My name is David. A couple of years ago I was street homeless, unable to read and write. Now I’m working as an apprentice for St George, a construction company. I never would have believed this.
My problems with reading and writing were part of the reason for me becoming homeless. I got into rent arrears and other utility debts as I struggled to manage the paperwork and was facing the courts. My challenges with reading also meant I found filling the forms out for jobs difficult too. I was living in a tent, for 26 months, but one day I came back to find my tent burnt down. I lost everything – all my clothes, pictures and letters from my children. It was devastating.
I‘d lost trust I used to wear my cap, look down and try to hide, but SPEAR’s rough sleeper outreach team helped me out of my difficulties and found me a home. I would visit the team regularly for a hot drink and food donations as I was still struggling. With support from the different staff and volunteers at SPEAR, I was able to gain the help I needed to read the paperwork and also gain the confidence to try and learn to read.
The Education, Employment and Training Team put me in touch with a lovely volunteer called Gill who’s a retired Head-teacher. At first I was nervous, as I’d struggled at school. But Gill showed me she was caring, that she wouldn’t laugh at me and would go at my pace. We met once a week and she taught me how to sound out letters. From that I learnt to read words, and within a year of working hard at it, I was able to read sentences.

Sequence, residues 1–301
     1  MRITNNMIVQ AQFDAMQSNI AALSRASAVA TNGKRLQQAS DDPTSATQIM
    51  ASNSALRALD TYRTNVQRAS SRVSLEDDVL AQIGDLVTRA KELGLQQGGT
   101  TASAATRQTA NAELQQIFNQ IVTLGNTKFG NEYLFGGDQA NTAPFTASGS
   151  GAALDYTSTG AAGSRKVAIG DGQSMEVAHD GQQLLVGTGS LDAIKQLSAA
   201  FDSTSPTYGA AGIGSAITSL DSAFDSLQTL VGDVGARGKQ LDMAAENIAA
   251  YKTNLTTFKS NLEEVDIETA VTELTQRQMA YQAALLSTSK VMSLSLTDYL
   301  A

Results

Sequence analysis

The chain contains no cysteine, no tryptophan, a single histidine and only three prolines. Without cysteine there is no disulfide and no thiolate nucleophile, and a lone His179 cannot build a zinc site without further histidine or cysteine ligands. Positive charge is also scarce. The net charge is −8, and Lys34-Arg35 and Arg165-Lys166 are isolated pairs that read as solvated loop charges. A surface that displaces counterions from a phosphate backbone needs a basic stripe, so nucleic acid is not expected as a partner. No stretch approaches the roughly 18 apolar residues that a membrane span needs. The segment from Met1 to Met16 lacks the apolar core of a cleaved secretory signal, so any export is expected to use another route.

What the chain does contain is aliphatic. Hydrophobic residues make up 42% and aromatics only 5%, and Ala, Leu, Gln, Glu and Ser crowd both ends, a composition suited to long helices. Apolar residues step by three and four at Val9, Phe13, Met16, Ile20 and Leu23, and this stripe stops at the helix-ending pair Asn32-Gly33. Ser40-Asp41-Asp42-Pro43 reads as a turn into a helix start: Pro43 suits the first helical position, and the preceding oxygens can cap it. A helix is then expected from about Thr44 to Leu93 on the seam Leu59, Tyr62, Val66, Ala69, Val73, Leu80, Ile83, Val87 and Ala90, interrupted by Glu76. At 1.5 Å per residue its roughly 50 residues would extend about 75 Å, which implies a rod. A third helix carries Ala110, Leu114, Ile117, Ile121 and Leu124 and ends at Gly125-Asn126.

Alongside this all happening, I joined the Service User Involvement Group at SPEAR, introducing me to other SPEAR clients. We went on day trips etc. and talked about our experiences. These service users, volunteers and staff at SPEAR were understanding – they didn’t judge me. I did the accredited Peer Mentoring course at SPEAR so I could help others who had been homeless. I contributed hundreds of hours of volunteering – particularly at summer fairs where I gave out leaflets, talked to the public and helped on the stall. Yes I had the confidence to talk to the public –maybe I talked to you.
Before being homeless, I’d had some jobs in ground work and gardening. But it became more difficult as you started to need to get your CSCS (Construction Skills Certification Scheme) card to be employed. As my reading continued to improve, SPEAR persuaded me to think about taking the CSCS certificate. I didn’t think I could do it. I was scared to do the exam and I thought I’d fail. They persuaded me to keep going – not to give up. They told me how proud they were of me. That meant a lot to me. Eventually I passed this exam – it was an amazing day, I leapt out of the room! But I didn’t stop there. I also had to pass my Health and Safety certificate and this required further study.
I found out that one of SPEAR’s partners St George had an apprenticeship scheme. I went for a volunteer day there at their Ealing site. The staff showed us round and talked about the different roles they do. The SPEAR team encouraged me to go to an interview for a groundwork job. I was incredibly nervous, but I knew I had to go if I wanted the job. The guy who interviewed me was impressed by all my knowledge – as I said I had worked before becoming homeless and had learnt lots on the job. He realised I understood the practicalities of the job and with my CSCS and Health and Safety certificate alongside this – I was in!
‘Yes, I got the job and now here I am working in a full time apprenticeship this Christmas! Now it’s not just SPEAR who feel proud – I feel proud too. Not only that, I can make my family proud too.’